Meet the gallery: jaggedart

Andrea Harari and Janeen Haythornthwaite launched jaggedart gallery 21 years ago. The pieces they sell are ‘quiet, poetic’ and there is often a story behind them

When did you launch jaggedart, and why? We launched jaggedart in February 2002. This year we are proudly celebrating our twenty first anniversary. Janeen Haythornthwaite and I met at Christie’s in 1995, Janeen had been living for some years in Venezuela and I am from Argentina. She was the first person I talked to on our course on our first day. And then we became friends.

Years later, after being manager of a gallery in Cork Street for four years and art director of a, I was left for the first time without a job. I thought I would use my experience to launch a gallery of my own. I mentioned this to Janeen and she said ‘let’s do it together’. And this is how we started.

We came from different backgrounds, I worked in the artworld in Argentina for many years, curating exhibitions and running ARTE BA, the most important contemporary art fair in South America. Janeen had read geology and was doing a MA in Art and Politics.

We really did not set out to be the gallery that jaggedart is today. But we knew then, as we know now, what are the works that we like and we do not, and we always shared and agreed on the same aesthetic.

We guess that our backgrounds informed our taste in art, works with texture, layers, craftsmanship reflecting the artists’ great knowledge of materials. Time is of essence in making the pieces; they are often organic, our artists use a variety of materials, from paper, maps, wood, to ceramic, grasses and porcelain. The works we show are quiet, poetic, there is a story behind them, told through the material they are made of, the artist’s story or the technique. We are known for creating beautiful and intriguing dialogues between materials and works.

How do you choose the artists you represent? We have been working with some of our artists for many, many years now and it is nice as we are like a family. Many have come through word of mouth, some just came in through the door and show us their works, with others we saw their works in graduate shows. It is an instant feeling when you see work that you like, when you feel that you would like to show and represent it. That means promoting the work, talking about it, discussing it and ultimately growing with the artist. We show the work in the gallery and at fairs and events and always try to match our clients to the works.

What can interior designers expect from jaggedart? We work a lot with interior designers. Sometimes they come to the gallery with a brief of what they are looking for. Many times we work on special site-specific commissions. If a designer is looking for works we can discuss with them and suggest options or give them ideas of what could work in the space. Our website only gives an indication of the works that we represent, but if someone likes something, they can contact us and we can show them what is available or in that style and what will work well with the client and space. As many of our artists work with existing materials such as books and maps, we can always find a connection or material that relates to the client. There are many options available and budgets too, so we always work with that in mind.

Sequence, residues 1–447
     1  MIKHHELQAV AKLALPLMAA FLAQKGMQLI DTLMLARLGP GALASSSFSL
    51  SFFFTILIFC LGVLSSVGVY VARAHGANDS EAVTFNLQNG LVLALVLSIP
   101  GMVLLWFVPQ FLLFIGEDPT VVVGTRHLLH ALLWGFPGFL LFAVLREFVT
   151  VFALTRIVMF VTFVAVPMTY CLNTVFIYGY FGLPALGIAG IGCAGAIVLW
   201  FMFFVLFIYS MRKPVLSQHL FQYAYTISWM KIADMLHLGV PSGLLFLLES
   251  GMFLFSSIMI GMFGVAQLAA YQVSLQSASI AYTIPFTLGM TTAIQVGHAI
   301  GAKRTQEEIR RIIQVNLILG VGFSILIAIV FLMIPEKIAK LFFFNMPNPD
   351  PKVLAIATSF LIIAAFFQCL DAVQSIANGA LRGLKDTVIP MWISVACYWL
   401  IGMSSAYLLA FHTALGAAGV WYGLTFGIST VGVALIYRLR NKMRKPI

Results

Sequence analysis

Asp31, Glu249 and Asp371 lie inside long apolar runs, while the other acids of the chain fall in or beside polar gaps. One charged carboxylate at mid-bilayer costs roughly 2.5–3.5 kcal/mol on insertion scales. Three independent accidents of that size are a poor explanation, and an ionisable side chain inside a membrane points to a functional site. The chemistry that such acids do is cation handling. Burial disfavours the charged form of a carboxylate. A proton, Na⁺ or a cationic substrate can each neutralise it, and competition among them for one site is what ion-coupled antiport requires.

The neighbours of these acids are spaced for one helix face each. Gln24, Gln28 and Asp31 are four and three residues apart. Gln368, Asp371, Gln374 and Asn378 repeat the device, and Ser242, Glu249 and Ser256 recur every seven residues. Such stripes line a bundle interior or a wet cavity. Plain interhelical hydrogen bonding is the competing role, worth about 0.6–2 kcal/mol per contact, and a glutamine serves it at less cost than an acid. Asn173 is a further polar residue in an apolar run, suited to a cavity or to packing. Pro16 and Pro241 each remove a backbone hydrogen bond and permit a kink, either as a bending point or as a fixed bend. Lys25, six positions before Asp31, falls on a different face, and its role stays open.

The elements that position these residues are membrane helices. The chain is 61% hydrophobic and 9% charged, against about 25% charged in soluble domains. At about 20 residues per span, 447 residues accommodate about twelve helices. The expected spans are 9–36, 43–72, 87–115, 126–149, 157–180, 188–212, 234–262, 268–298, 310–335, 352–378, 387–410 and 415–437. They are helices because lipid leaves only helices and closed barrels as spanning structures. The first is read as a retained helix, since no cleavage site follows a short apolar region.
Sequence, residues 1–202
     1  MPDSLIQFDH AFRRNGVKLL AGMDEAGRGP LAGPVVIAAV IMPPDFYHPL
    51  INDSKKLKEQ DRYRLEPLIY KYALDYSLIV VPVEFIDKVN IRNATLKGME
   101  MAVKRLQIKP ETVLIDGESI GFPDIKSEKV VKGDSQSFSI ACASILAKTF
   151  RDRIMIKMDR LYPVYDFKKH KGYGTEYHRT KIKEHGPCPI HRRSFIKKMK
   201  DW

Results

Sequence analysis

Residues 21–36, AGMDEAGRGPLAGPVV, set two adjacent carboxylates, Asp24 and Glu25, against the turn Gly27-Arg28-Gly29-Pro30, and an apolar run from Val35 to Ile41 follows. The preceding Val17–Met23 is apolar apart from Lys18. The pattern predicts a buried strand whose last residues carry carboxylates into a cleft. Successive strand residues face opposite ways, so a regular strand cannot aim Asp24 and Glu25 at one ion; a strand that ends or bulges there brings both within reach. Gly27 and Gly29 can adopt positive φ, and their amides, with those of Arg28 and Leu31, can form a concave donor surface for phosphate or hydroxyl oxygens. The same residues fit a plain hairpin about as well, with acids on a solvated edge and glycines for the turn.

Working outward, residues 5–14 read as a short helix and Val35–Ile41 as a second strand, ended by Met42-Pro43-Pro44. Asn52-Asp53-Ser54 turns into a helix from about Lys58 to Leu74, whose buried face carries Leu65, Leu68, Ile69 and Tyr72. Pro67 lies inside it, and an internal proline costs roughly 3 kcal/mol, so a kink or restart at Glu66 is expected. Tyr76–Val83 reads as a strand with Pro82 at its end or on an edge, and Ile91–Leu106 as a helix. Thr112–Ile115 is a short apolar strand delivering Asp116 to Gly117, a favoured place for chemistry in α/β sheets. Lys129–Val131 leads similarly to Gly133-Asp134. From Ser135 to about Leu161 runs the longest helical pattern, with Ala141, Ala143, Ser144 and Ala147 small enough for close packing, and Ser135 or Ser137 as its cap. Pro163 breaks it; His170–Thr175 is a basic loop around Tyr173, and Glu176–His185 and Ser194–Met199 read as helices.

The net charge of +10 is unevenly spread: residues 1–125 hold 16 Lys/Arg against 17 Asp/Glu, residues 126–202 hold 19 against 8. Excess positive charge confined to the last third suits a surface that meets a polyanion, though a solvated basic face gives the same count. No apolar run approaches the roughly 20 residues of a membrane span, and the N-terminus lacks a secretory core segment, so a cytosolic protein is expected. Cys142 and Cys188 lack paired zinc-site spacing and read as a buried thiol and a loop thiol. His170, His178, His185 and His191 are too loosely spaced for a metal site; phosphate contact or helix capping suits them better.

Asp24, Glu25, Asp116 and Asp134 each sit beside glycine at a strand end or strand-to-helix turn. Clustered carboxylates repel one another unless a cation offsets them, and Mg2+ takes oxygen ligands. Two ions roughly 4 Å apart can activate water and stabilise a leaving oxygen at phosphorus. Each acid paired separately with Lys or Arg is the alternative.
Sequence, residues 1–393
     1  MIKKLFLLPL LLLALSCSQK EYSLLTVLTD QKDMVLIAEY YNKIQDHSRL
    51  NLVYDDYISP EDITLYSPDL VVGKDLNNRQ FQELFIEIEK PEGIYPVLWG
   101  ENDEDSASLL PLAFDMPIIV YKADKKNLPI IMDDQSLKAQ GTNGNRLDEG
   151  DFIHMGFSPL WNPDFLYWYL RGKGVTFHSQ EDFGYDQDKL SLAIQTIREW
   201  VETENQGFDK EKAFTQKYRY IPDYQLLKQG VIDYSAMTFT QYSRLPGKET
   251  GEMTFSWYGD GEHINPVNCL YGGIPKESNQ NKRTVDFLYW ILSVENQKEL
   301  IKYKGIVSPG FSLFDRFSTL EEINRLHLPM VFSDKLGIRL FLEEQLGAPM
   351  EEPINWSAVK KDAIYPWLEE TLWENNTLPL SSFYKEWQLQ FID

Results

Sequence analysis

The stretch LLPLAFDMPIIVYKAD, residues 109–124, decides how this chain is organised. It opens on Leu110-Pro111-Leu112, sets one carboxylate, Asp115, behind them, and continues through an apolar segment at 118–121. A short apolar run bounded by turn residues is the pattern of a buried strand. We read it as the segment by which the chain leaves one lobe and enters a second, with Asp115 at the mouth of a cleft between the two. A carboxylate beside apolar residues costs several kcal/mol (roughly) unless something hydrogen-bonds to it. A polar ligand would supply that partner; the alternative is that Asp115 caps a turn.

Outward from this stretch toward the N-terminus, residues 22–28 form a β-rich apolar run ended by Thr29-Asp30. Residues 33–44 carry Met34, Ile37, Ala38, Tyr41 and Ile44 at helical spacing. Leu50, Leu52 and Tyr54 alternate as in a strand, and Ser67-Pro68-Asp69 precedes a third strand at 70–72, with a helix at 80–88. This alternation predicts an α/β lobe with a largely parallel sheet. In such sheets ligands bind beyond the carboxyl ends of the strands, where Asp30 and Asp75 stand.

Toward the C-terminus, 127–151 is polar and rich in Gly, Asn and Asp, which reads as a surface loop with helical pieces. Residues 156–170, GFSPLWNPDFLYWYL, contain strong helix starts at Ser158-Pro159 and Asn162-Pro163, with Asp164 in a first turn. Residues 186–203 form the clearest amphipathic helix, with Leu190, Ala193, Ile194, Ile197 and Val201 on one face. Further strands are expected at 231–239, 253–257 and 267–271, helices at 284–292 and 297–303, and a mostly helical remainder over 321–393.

Our clients ask us many times to visit their homes and help them with curating their spaces. That is something that we love doing, creating dialogues between our works and what the client has, mixing new with old, objects with artworks. Some small change can make a big difference in a home.

What is your favourite possession? So many, so difficult! I am privileged in that I am surrounded both at work and at home by beautiful artworks. I love pieces and objects that have a story or that relate to someone I know, or to my past. Japanese porcelain tea cups with which we had tea when I was a child, or glass vases that belonged to my grandmother, silver cutlery, objects and things that have an emotional history. I particularly love an art deco Murano glass box, it is black with a bit of silver and gold emerging through the glass, with a curved lid and bronze finish, probably used for cigarettes. It is very heavy and luxurious and it was a gift, so not sure who owned it before or their story, but I love to imagine its story, that it must have been used in parties in an elegant environment owned by someone worldly and sophisticated.

Truly Desiredan exhibition of artworks and gifts for Christmas runs until 23 December at jaggedart’s London showroom

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